Oral Health Buzz
What's Causing Your Facial and Jaw Pain?
Anne Maria Wynter
Whether you're experiencing a dull ache, lingering soreness or a stabbing sensation, pain in your jaw and face can be frustrating and, in some cases, even debilitating. Your facial or jaw pain could be caused by one of numerous sources, but here are some of the common culprits.
While you may think it would be obvious if you were grinding your teeth, the fact is that many people actually grind their teeth while they're sleeping and don't even know they're doing it. This condition, which can affect people of all ages, has a number of potential causes, including stressful situations, crooked teeth, an abnormal bite or missing teeth. In addition to causing headaches and jaw pain, teeth grinding can also lead to tooth fractures, tooth sensitivity and loose teeth. If you do grind your teeth, your dentist may recommend a mouthguard and general stress relief techniques to do at home.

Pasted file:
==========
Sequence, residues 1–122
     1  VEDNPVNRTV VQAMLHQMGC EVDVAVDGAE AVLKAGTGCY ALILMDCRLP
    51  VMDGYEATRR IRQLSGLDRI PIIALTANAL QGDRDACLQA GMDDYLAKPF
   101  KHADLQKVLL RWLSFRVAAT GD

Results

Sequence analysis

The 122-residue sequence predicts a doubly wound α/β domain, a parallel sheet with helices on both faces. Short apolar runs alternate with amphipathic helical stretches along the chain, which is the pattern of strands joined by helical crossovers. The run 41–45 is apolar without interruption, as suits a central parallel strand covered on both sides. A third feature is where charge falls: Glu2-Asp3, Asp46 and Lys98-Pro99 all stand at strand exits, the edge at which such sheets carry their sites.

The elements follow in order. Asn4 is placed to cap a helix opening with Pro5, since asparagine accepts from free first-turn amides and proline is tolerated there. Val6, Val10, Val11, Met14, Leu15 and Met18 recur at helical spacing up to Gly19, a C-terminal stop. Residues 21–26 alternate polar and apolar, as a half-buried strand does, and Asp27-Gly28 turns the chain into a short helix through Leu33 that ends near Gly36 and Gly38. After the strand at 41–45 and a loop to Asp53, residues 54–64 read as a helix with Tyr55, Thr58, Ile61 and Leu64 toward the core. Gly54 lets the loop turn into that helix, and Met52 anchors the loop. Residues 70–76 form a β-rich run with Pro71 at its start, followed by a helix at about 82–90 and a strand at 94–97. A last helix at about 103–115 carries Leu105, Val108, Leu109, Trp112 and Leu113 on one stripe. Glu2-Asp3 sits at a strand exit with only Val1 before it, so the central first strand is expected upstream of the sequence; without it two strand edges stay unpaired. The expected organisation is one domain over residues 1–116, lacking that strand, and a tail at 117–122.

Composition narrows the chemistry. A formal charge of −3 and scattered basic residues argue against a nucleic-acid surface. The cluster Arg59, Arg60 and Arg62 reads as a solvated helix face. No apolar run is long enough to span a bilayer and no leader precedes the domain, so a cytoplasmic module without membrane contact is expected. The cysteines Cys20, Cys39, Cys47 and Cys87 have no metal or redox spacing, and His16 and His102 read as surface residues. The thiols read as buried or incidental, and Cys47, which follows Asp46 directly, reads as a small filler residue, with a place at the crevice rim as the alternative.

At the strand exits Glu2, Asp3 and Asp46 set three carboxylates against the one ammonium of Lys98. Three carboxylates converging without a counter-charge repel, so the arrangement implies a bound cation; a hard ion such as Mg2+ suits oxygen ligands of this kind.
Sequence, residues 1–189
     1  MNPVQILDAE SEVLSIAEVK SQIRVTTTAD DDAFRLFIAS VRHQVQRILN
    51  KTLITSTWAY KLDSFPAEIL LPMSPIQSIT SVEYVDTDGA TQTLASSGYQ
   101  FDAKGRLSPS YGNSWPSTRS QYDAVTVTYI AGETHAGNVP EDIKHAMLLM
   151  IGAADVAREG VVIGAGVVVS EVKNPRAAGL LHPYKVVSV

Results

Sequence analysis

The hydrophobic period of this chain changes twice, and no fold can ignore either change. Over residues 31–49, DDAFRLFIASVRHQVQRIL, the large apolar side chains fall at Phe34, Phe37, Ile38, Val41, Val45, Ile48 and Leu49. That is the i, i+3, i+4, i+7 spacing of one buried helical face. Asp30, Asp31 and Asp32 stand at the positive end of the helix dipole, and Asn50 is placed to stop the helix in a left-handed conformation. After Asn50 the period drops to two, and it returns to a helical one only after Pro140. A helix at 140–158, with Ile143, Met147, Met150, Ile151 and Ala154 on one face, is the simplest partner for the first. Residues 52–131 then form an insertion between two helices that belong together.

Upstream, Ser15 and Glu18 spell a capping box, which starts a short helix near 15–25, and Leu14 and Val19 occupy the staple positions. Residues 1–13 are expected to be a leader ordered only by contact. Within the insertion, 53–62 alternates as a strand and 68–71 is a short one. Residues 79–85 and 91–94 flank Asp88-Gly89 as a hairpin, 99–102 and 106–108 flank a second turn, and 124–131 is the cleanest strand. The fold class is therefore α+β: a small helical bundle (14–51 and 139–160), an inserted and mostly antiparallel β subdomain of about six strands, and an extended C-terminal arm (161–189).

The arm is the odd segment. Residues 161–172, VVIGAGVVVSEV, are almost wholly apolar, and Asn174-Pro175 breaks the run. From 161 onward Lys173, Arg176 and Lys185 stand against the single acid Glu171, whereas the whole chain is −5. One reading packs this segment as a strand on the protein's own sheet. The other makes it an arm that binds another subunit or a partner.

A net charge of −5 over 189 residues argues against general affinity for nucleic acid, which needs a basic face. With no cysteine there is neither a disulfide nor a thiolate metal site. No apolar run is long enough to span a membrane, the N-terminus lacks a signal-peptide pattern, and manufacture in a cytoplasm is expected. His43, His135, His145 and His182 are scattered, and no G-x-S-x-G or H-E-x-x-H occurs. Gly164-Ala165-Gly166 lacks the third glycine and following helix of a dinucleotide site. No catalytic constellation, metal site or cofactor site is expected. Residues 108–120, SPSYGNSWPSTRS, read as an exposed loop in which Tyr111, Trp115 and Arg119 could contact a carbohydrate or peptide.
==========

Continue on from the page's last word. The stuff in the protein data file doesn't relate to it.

A TMJ Disorder
TMJ refers to your temporomandibular joints, which are the joints that allow your mouth to open and close. When you have a TMJ disorder, also referred to as TMD, it means that something has caused the joints to function improperly, creating symptoms like jaw and facial pain, trouble moving your jaw and clicking or popping sounds when you open your mouth. There are several approaches your dentist may take to relieve pain from TMJ, including simple changes in eating habits, exercises, medication or orthodontic treatments.
Other Potential Causes
In addition to a TMJ disorder or teeth grinding, the ADA notes that pain around your jaw or face might also be attributed to one of the following causes:
- sinus problems
- jaw injury
- periodontal disease
To determine the exact source of your pain, schedule an appointment with a dental professional who can give you a thorough examination.
To learn more about facial pain, visit the Colgate Oral Care resource center.